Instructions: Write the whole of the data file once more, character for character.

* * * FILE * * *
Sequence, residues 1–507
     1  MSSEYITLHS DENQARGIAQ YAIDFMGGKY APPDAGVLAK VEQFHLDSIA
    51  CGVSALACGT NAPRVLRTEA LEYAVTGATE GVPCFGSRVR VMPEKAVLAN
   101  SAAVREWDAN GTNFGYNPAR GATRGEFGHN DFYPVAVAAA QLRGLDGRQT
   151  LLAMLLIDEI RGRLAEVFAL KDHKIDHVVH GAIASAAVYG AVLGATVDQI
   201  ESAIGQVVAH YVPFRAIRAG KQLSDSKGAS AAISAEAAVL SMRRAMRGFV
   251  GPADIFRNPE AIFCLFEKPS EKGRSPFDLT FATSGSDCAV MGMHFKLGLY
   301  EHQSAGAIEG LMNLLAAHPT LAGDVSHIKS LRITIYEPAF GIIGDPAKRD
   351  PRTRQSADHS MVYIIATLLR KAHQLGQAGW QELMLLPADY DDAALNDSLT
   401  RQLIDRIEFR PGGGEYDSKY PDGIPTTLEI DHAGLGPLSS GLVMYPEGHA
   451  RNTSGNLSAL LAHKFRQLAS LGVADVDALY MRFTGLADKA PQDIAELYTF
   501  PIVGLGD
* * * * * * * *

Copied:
Sequence, residues 1–507
     1  MSSEYITLHS DENQARGIAQ YAIDFMGGKY APPDAGVLAK VEQFHLDSIA
    51  CGVSALACGT NAPRVLRTEA LEYAVTGATE GVPCFGSRVR VMPEKAVLAN
   101  SAAVREWDAN GTNFGYNPAR GATRGEFGHN DFYPVAVAAA QLRGLDGRQT
   151  LLAMLLIDEI RGRLAEVFAL KDHKIDHVVH GAIASAAVYG AVLGATVDQI
   201  ESAIGQVVAH YVPFRAIRAG KQLSDSKGAS AAISAEAAVL SMRRAMRGFV
   251  GPADIFRNPE AIFCLFEKPS EKGRSPFDLT FATSGSDCAV MGMHFKLGLY
   301  EHQSAGAIEG LMNLLAAHPT LAGDVSHIKS LRITIYEPAF GIIGDPAKRD
   351  PRTRQSADHS MVYIIATLLR KAHQLGQAGW QELMLLPADY DDAALNDSLT
   401  RQLIDRIEFR PGGGEYDSKY PDGIPTTLEI DHAGLGPLSS GLVMYPEGHA
   451  RNTSGNLSAL LAHKFRQLAS LGVADVDALY MRFTGLADKA PQDIAELYTF
   501  PIVGLGD